News about fatal traffic accidents might feel normal to people in Oklahoma, but the CEO of the National Safety Council urges that people set high goals for roadway safety. She has advanced the goal of reducing traffic fatalities to zero by 2050. The council promotes a shift toward a culture of safety instead of accepting the inevitability of traffic deaths. Advances in safety technology have the potential to play a large role in improving vehicle safety, especially for large trucks.
According to research from the Insurance Institute for Highway Safety, blind-spot detection and forward-collision warning systems could aid truck drivers. Equipment that alerts truck drivers to lane departures and loss of stability also exist that could reduce the incidence or severity of commercial vehicle accidents by as much as 25 percent.
Aside from technology, the NSC also emphasized the need to continue promoting seat belt use. Although 90 percent of people use their seat belts, the remaining 10 percent represent those most likely to die in crashes. Among traffic fatalities, half of the victims failed to buckle up.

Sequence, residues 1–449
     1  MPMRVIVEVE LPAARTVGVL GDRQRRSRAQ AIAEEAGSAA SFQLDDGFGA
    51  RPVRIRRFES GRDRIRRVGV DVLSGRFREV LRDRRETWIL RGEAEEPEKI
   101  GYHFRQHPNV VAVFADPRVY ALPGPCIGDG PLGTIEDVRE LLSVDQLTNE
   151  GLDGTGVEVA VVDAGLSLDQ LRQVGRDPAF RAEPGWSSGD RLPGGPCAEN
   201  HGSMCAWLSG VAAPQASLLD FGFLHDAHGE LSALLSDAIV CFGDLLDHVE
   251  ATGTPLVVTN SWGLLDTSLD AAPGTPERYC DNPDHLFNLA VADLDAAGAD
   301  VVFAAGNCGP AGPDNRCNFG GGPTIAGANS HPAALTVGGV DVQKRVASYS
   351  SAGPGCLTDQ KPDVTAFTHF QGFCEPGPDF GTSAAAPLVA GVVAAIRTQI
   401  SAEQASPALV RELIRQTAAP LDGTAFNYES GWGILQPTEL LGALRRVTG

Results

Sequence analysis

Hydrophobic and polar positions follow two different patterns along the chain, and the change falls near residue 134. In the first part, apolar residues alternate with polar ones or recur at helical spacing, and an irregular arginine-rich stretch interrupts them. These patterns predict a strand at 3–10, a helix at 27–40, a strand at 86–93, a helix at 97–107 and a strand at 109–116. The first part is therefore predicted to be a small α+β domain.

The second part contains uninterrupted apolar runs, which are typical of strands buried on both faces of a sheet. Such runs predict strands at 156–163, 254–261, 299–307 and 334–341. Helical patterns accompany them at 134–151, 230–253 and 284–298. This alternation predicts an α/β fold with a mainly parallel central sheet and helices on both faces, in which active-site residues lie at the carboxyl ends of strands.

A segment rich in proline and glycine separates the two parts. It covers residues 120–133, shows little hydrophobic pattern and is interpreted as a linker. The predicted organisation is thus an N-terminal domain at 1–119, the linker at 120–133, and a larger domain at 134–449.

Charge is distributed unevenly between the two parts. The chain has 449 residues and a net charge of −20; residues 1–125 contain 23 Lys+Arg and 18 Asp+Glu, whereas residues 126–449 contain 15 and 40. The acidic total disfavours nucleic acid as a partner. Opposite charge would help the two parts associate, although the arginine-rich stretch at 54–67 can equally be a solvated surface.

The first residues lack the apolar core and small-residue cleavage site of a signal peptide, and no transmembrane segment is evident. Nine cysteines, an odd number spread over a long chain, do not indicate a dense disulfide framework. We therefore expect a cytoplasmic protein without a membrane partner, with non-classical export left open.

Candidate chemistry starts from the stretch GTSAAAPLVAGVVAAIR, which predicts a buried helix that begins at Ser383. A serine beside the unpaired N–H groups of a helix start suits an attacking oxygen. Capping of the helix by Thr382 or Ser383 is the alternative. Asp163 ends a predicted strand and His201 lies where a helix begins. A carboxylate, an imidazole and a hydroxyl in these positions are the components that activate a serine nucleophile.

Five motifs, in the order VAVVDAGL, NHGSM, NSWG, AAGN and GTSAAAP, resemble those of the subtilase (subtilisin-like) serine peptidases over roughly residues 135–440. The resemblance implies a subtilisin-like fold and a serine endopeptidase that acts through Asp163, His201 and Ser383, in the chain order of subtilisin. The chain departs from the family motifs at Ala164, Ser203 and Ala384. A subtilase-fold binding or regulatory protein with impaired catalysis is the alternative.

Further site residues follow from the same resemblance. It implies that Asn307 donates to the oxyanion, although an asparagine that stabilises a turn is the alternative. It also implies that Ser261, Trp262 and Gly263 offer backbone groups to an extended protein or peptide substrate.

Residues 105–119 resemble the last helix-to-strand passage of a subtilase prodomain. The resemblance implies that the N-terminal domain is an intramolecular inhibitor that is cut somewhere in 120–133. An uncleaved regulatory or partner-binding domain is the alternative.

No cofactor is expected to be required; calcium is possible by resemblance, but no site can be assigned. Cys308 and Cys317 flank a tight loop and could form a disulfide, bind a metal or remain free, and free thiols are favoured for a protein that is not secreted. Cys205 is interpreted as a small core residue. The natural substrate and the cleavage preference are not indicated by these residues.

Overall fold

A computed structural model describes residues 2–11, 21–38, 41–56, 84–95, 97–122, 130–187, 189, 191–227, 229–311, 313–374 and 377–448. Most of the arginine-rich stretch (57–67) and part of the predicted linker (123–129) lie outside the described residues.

Data from the National Highway Traffic Safety Administration reveals the dangers that large trucks pose to their drivers and people in passenger cars. In 2016, accidents involving trucks killed 4,317 people, and 722 of them were truck drivers or occupants in the cabs.
In some cases, negligent actions cause truck accidents. A person seriously injured in a big rig crash might miss work for a long time or suffer permanent disability. To recover financially, an accident victim might want the representation of an attorney. Evidence about truck driver fatigue, speeding or poor truck maintenance identified by a lawyer could be documented in a personal injury lawsuit. An attorney could manage negotiations for a settlement or present the case to a jury.